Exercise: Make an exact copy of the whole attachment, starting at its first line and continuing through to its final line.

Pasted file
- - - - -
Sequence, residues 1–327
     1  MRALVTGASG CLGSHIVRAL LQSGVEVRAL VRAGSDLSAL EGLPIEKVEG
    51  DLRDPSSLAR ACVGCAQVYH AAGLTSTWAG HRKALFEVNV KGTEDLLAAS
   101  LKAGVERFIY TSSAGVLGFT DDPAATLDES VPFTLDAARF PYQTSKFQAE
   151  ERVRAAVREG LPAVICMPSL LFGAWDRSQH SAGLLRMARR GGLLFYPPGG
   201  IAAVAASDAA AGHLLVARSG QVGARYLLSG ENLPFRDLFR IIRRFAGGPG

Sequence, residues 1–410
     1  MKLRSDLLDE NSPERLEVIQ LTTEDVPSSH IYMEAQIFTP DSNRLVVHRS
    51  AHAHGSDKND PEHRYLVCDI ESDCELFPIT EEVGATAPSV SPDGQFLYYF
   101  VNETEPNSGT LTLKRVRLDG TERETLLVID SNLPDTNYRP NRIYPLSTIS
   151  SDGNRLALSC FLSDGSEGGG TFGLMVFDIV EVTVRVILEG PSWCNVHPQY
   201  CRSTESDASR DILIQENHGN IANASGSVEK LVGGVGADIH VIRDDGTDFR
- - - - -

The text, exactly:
Sequence, residues 1–327
     1  MRALVTGASG CLGSHIVRAL LQSGVEVRAL VRAGSDLSAL EGLPIEKVEG
    51  DLRDPSSLAR ACVGCAQVYH AAGLTSTWAG HRKALFEVNV KGTEDLLAAS
   101  LKAGVERFIY TSSAGVLGFT DDPAATLDES VPFTLDAARF PYQTSKFQAE
   151  ERVRAAVREG LPAVICMPSL LFGAWDRSQH SAGLLRMARR GGLLFYPPGG
   201  IAAVAASDAA AGHLLVARSG QVGARYLLSG ENLPFRDLFR IIRRFAGGPG

Sequence, residues 1–410
     1  MKLRSDLLDE NSPERLEVIQ LTTEDVPSSH IYMEAQIFTP DSNRLVVHRS
    51  AHAHGSDKND PEHRYLVCDI ESDCELFPIT EEVGATAPSV SPDGQFLYYF
   101  VNETEPNSGT LTLKRVRLDG TERETLLVID SNLPDTNYRP NRIYPLSTIS
   151  SDGNRLALSC FLSDGSEGGG TFGLMVFDIV EVTVRVILEG PSWCNVHPQY
   201  CRSTESDASR DILIQENHGN IANASGSVEK LVGGVGADIH VIRDDGTDFR